Testing the patience and sanity of its audience, White Girl plays like one of those nights where a friend lets their freak flag fly while you’re the sober one explaining why what they are about to suggest is not a great idea and will probably get you arrested. We’ve all been there before, usually around sophomore year of college, which is where Leah (Morgan Saylor) finds herself.
White Girl is a more than simple voyeurism, watching a pretty junky’s downfall as she does things the patriarchy would loudly object to. The lessons along the way are not quite learned as Leah adapts to street life using her sexuality and drug stash to get herself in and out of trouble. White Girl presents a bleak picture even if it offers some liveliness along the way; it’s not all doom and gloom, rather there’s a real love story at its core. Leah proves to be a ride-or-die girl, not a white girl going through a phase, as alarming as it appears to be — perhaps it’s her white guilt talking.
The film opens simply enough. Leah and her pal Katie (India Menuez) move into a small apartment in Ridgewood, Queens. They are both causal drug users and become fascinated with the Latino boys that hang out on the street corner, notably Blue (Brian “Sene” Marc). Leah works as an unpaid intern at BAD, a hipster magazine that apparently is very permissive of in-office hook-ups with the boss Kelly (Justin Bartha) as one frank scene early on sets the table for what’s to come.
After Blue supplies a BAD VIP party, he discovers real money can be made peddling to white hipster. His distributor Lloyd (Adrian Martinez) reluctantly fronts Blue $7,000 in coke and the plan is set in motion: use Leah’s hook-up into the white hipster world to move grams. The plan is delayed by a stop and frisk arrest in which the NYPD captures only what’s on Blue. Leah has the rest, forcing her into a moral quandary which she gleefully does the wrong thing for Blue.
Director and writer Elizabeth Wood gleefully never commits to one plot point or another, continually shifting its energy and shape, growing darker and more rotten at its core, unafraid of reaching into the darkest of recesses. Leah has never met a line of coke or MDA she doesn’t snort, at one point playfully doing a line of coke off her boss’s cock in a club restroom.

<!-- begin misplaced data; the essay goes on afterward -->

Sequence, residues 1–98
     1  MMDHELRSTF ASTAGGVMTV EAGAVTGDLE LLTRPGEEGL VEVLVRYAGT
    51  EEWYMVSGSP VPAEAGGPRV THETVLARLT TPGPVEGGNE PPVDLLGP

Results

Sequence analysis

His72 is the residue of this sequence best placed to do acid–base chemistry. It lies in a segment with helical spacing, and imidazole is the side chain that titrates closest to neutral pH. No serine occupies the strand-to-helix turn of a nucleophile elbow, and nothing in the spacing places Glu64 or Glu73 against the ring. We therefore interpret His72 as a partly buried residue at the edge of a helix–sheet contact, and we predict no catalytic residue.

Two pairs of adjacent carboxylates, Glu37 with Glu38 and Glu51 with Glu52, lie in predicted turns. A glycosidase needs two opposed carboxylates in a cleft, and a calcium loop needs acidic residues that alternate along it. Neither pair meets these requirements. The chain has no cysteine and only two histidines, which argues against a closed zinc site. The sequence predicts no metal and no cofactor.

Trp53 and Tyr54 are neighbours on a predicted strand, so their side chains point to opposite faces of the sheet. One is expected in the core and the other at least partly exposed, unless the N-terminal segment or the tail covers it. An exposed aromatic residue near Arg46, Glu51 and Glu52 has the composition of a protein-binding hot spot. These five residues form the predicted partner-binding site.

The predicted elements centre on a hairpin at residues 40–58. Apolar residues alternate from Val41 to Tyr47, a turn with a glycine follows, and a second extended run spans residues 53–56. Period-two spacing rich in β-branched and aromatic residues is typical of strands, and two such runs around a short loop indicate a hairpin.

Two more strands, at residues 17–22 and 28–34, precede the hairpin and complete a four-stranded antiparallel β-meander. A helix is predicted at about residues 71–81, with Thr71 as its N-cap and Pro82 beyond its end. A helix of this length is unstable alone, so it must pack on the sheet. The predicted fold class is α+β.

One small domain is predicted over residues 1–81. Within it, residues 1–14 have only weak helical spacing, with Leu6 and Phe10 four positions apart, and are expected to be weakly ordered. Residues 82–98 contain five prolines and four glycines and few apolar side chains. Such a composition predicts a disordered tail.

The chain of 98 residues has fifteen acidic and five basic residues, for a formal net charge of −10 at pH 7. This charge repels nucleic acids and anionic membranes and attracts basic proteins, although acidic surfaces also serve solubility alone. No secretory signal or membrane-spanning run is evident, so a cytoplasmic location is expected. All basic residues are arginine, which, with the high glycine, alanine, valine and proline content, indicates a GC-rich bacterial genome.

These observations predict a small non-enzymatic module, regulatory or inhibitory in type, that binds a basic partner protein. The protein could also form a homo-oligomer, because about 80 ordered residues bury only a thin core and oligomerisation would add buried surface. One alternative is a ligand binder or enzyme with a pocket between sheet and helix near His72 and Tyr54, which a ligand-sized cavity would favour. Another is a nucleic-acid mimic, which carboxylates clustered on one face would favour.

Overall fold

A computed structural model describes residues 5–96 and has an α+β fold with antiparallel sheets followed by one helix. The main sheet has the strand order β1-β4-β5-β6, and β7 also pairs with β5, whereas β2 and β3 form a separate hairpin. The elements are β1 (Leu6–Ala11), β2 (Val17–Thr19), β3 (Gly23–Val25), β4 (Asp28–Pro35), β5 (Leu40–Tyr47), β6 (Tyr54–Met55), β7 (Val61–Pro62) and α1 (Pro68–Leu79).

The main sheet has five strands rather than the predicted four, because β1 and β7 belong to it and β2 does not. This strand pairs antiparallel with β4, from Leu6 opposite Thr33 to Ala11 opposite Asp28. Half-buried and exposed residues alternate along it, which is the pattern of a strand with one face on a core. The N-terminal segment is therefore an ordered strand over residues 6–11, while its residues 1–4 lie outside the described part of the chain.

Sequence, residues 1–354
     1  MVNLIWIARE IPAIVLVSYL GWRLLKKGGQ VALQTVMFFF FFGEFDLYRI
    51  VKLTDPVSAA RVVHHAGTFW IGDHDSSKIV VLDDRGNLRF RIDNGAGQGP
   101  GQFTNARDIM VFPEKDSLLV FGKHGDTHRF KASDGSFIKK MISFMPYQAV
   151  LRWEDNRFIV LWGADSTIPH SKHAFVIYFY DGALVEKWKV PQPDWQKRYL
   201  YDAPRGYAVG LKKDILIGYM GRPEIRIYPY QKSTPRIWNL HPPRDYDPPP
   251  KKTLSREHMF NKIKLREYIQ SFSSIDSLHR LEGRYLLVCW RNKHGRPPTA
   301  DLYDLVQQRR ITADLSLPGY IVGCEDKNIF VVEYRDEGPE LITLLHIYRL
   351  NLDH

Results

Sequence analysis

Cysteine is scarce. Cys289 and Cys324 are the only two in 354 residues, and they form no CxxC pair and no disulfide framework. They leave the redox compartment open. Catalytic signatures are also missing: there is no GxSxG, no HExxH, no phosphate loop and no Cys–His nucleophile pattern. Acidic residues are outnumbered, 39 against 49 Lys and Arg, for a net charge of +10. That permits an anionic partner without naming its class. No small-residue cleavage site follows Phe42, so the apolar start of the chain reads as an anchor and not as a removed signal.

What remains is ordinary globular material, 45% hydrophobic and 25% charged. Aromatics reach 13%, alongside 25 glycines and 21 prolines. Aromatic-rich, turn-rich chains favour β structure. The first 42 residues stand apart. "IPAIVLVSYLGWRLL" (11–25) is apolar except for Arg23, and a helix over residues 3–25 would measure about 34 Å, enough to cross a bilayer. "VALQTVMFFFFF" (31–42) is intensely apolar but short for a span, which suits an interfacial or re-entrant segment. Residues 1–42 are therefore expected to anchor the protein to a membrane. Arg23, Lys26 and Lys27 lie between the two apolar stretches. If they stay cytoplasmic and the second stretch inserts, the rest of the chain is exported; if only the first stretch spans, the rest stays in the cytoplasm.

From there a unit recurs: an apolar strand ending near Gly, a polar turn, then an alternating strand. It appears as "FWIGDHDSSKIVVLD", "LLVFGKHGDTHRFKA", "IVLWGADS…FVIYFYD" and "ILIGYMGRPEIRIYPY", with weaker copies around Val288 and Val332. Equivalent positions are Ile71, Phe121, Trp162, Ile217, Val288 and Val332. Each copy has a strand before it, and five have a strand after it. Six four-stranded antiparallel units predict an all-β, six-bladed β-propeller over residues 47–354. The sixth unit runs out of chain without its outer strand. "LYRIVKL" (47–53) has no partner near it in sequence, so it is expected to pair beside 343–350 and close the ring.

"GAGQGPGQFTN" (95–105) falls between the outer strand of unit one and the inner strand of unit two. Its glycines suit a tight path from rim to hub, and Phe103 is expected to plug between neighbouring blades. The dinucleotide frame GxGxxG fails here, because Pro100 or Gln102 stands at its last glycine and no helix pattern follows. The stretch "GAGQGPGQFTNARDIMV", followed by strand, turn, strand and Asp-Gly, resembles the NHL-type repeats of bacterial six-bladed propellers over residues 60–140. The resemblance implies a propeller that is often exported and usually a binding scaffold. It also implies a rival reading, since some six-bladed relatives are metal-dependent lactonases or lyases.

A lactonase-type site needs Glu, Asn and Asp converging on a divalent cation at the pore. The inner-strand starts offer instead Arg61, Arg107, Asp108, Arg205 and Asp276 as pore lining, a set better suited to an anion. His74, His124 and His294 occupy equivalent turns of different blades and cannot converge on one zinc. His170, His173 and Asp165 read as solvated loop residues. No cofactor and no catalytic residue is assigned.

At its heart, the film comments on white privilege while appropriating Latino street culture. Allegedly inspired by events in the life of its director, White Girl plunges us into the extreme. It’s an abyss designed to shock and, at times, unafraid to titillate. Critics that dismissed Precious as “poverty porn” will more than likely find the same faults here. Also problematic is the lawyer Leah hires for Blue, George (Chris North), a creep who finds the drug laws a hypocrisy but is willing to trade blow and sex for legal services.
I admire the tenacity and fearlessness of Wood to take on these issues head-on. In a playground of stripped-down indies of rough edges, encouraging sparse narratives, understatement and minimalism, Elizabeth Wood has made a film that feels fresh even if it offers little introspection and commentary on the fire that it plays with. And thus is the flaw of White Girl. I’m not quite sure what Wood is saying, although does it matter? Asking us to do the heavily lifting has provoked a lively debate amongst viewers who either love it or hate it (as should be the case with art). White Girl, like Leah, refuses to fall into a neat box. For a girl from the Midwest, she proves to be savvy, getting exactly what she wants even if the consequences are dire and deprived.
White Girl premiered at the 2016 Sundance Film Festival and opens on September 2.